Friday, May 18, 2007

5x8 Film Festival-part 3, The Shoot

It is 1 a.m. in Humboldt Park and things are not going well for the Rainbows 4 Jeebus team. One of the members has to leave for Indiana. They still don’t have an idea, and Tyler has locked her keys in her car. They call AAA and wait, though there are all sorts of volunteers offering to break into the car for them. One man tries earnestly to unlock the door, but he soon gives up and asks the group if they have any beer. They give him some money and he walks away. AAA finally shows up about 3 a.m. and it takes the man seconds to open the car. The Rainbows pile in and head to an nearby apartment.

Meanwhile Gushing Artery is having a blast. They are shooting in front of the adult bookstore across Hubbard St. from The Whitehouse offices. Charles Leslie, the orthotist, plays a group 18 member forced to “take a small role” in a porn film to make ends meet because Dick, the Group 18 leader, absconded with Group 18’s film. When they wrap here, they quickly move across the street into The Whitehouse offices.

The Whitehouse offices work well as a location because they offer so many different looks. Sig Froelich is Dick. He sits behind a desk in a Whitehouse editing room complaining that if he didn’t take the film the other members of group 18 would have ruined it. The other Gushing Artery members play Group 18 members left behind. Elizabeth McNaughton, the actress, is standing in Whitehouse’s kitchen all made up. She is playing Dick’s former wife, “Well, we just fucked for three weeks.” Her character has an eating disorder so McNaughton feigns vomiting into the Whitehouse kitchen sink. McNaughton says she likes her character, and “would like to develop her into something bigger.” Jessica Volpe, a journalist in real life, plays the receptionist who Dick had an affair with. She complains to the camera that with her flaming red hair, she should have been a star, but Dick has screwed her and now she is a “fucking receptionist!”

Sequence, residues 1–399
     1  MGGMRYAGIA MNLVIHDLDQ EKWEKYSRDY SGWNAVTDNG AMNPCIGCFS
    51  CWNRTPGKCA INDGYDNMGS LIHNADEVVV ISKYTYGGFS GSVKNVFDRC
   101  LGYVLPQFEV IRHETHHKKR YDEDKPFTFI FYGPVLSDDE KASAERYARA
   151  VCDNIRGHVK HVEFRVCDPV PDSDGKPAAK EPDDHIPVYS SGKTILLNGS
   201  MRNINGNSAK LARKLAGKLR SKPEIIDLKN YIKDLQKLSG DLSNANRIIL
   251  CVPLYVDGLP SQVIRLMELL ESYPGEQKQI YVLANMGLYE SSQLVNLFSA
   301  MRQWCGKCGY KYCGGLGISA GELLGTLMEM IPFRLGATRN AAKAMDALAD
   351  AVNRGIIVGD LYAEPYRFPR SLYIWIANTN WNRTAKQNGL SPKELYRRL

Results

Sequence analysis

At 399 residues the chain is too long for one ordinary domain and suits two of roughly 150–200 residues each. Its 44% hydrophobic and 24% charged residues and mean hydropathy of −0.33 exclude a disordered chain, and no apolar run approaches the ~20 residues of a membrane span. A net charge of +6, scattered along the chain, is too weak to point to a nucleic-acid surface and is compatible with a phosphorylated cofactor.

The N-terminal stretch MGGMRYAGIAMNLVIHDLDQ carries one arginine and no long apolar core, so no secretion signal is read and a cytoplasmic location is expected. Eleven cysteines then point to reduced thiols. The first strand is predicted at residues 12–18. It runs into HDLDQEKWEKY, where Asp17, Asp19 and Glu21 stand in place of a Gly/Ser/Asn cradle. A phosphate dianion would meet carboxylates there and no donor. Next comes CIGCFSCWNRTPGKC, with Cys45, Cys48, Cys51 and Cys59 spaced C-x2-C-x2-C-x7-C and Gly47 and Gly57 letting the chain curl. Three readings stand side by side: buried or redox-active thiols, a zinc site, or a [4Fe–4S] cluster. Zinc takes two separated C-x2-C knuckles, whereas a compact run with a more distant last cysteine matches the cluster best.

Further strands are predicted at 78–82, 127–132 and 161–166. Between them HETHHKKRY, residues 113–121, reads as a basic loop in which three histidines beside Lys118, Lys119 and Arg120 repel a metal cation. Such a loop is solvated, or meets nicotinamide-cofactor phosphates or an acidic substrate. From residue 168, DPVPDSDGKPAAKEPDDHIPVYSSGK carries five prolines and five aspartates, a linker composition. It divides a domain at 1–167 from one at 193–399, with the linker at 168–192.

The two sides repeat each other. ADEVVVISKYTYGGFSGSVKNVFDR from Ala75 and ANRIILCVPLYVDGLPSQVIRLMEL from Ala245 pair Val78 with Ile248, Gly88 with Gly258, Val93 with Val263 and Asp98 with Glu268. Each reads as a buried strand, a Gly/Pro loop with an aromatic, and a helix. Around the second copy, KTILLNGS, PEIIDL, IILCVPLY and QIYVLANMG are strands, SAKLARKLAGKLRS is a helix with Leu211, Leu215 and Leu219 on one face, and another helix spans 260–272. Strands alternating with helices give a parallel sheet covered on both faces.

By 1:30 in the morning they are finished. Schonbrun and Shevchenko both have cameras and have been shooting. Between them they have nearly two hours of footage for their three-minute film. The entire Gushing Artery team packs up and goes to Shevchenko’s apartment to watch the rushes and select the clips they want to put into the film.

Ow MyEye doesn’t begin shooting until after midnight. T.W. Li, a Columbia instructor, is the principle director of photography. He feels there is perhaps an embarrassment of riches. “We could shoot with any camera, we are editing with an Avid. We could even finish in an on-line room.” Li thinks less technology might be the way to go. No matter, someone makes the decision and the film is the only one presented in a letterboxed format.

It is 12:35 in the morning and art is imitating life. U’ Ren and Paul are standing at the bus stop on Division and Leavitt dressed in fright wigs and aviator glasses as members of Group 18. They have five minutes of tape left when they begin to argue about the direction of their film. As material it is good, except they aren’t arguing as Group 18, but having creative differences as Sean and Atom. It is all caught on tape. They decide to try to save their film in post.